June 17, 2014

Cool Climate Gardening: Secrets from a Decade of Planting in the Yukon. ~ Ruth Lera

berries north yukon garden growth

Think it’s too cold to grow food where you live? Think again.

Here are some growing tips from the great white north—how to grow food and lots of it.

To find out where I live and garden you will need to get out a map, or most likely just open google earth, and then you’ll need to look north, far north, just north of the 60th parallel.

My home and garden are just outside of Whitehorse, Yukon. That’s next to Alaska for those out there who don’t know their Canadian Geography.

And we grow food here, lots of it.

Just as we’re putting in the carrot seeds at the end of May we’re eating the last of the carrots from the previous year’s harvest.

That’s why I’m telling you; if we can do it here—where we don’t even get 30 frost-free days in a row, and a hard frost can easily hit any day of the summer—people everywhere can grow food.

And this is important to know, because globalization of our food systems is one of the biggest contributors of carbon emissions. And this needs to change.

The co-author of the 100 mile diet, JB Mackinnon, once said in a talk I heard that it has taken us 50 years to destroy the food system and it will take us another 50 years to fix it.

I say we start now then because 50 years is a long time and the earth needs the repairs as quickly as possible.

So, if you live somewhere northern and feel like the growing season is too short, think again.

Below I reveal my ‘secrets’ from a decade of gardening in the north.

Row Covers

The early spring and late fall can be a chilly time for seeds, seedlings and transplants. Covering them with white garden cloth also known as reemay adds much needed protection. And the best thing about the reemay is that is doesn’t need to be taken off during the day. The sun and water go right through. A little protection goes a long way.


Animal poo is our best asset in gardening. When properly composted it is nutrient rich but another nifty thing about manure is that when it’s fresh it is warm. I use fresh chicken manure to create hot beds in my garden. I don’t plant seedlings straight into the manure though but instead bury the fresh chicken manure into the garden bed so that it can add heat. I can increase the departure of a garden bed by 20 degrees by using fresh chicken manure and grow crops like leeks which need 120 frost free days by now having this extra warm soil. Thanks hens, we keep you around for more than your tasty eggs.

Choose Your Crops

Not every crop likes the shorter season and colder temperatures. That’s why it’s best to focus on the crops that do. I don’t bother growing corn, sweet potatoes or beans. Instead I check seed packages for the length of growing days and pick ones that are short like 30 to 60 days. Radishes, bok choy, spinach, rutabaga, cabbage, broccoli and carrots, they all love the colder temps. It makes sense anyways to eat what likes to grow where we live. Yes, mangoes are tasty but they’re never going to grow this far north and rhubarb and raspberries are delicious, too. Learn what grows best in your region and grow that.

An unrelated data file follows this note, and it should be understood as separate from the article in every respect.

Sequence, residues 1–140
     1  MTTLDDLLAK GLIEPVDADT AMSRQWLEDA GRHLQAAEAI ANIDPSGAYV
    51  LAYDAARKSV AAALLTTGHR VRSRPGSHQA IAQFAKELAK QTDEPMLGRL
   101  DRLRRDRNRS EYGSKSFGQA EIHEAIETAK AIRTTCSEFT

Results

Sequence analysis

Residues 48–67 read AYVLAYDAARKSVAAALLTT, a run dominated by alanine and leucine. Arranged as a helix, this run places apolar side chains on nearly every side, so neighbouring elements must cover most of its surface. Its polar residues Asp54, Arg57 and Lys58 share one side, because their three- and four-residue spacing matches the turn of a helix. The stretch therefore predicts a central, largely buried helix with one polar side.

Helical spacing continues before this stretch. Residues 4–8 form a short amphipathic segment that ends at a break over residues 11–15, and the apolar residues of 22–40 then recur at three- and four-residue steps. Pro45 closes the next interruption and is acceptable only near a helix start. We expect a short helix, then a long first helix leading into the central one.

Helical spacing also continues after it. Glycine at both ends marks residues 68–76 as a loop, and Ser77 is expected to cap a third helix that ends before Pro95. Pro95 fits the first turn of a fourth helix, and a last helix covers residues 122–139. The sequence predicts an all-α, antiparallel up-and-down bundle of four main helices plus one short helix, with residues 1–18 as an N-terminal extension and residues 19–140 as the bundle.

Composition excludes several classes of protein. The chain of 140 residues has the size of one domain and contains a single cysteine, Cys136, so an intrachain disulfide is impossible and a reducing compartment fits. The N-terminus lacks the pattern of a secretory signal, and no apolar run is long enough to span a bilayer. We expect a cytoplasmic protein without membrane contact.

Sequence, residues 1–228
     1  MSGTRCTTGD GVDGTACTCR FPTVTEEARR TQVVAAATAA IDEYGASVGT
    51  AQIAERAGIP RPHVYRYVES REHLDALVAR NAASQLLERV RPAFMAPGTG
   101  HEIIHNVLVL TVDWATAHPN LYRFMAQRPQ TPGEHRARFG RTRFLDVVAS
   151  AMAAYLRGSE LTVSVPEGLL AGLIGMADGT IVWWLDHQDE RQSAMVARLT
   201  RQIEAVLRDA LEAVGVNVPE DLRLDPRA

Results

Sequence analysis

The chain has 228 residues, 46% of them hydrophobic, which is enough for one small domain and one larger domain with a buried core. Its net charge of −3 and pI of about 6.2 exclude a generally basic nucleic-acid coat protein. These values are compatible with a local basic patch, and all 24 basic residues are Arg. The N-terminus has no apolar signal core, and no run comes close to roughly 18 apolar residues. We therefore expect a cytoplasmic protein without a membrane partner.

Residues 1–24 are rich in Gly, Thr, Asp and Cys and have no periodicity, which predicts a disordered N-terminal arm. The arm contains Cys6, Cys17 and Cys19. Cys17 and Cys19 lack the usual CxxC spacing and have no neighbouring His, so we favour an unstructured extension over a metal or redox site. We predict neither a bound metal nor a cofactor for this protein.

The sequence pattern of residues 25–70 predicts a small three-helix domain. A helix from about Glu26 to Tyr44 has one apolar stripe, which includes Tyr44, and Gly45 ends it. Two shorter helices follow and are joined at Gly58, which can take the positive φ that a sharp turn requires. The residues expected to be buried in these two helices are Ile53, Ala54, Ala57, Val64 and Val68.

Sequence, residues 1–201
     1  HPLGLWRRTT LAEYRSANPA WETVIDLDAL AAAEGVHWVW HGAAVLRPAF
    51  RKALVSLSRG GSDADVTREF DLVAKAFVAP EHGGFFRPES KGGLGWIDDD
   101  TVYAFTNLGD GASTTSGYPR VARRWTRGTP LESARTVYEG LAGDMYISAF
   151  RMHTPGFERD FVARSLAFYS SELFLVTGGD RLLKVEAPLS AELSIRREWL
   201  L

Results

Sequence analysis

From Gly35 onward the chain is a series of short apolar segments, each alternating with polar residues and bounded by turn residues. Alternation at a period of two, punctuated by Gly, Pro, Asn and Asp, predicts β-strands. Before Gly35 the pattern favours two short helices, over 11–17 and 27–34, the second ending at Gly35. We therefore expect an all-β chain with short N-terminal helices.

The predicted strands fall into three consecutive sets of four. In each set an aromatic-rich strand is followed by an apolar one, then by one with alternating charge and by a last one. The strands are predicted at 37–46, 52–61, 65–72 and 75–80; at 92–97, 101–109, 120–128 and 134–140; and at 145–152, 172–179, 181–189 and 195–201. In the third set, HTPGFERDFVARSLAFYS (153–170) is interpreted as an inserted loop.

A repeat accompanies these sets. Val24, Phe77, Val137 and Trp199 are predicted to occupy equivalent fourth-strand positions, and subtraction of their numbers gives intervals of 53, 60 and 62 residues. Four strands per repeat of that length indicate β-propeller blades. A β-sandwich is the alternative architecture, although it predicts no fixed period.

Eat the Weeds

The funny thing about modern day agriculture is that many of the weeds we’re working so hard to get rid of are actually more nutritious then the agricultural crops we’re planting, just another example of a backwards human choice.

This week I ate an incredibly tasty salad of micro-lamb’s quarters, a plant that was being weeded out to let the carrots grow anyways, so why not make a meal of it? Chickweed and shepherd’s purse, two common weeds where I live, are also packed with vitamins and minerals.

We feed them to the chickens of course, but to ourselves as well.

Eating local may be a trend right now, but it’s a much needed trend, so why not get on board and grow some food yourself?

What is the best way to learn how to grow food in your region? Ask people. Gardeners and farmers love to chat and much more can be learned from talking to people with experience then reading books or blogs. Ask around about what people are growing and how they are extending their seasons and keeping everything warm (if you live in a colder climate).

I’ll bet you’ll find out just the information you need. That’s how I learned all my ‘secrets.’


 “Walk the Talk with Waylon Lewis” ~ Not sure how to start your garden? Have no fear:



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Editor: Renée Picard

Image: Anthony Delorenzo on Flickr 

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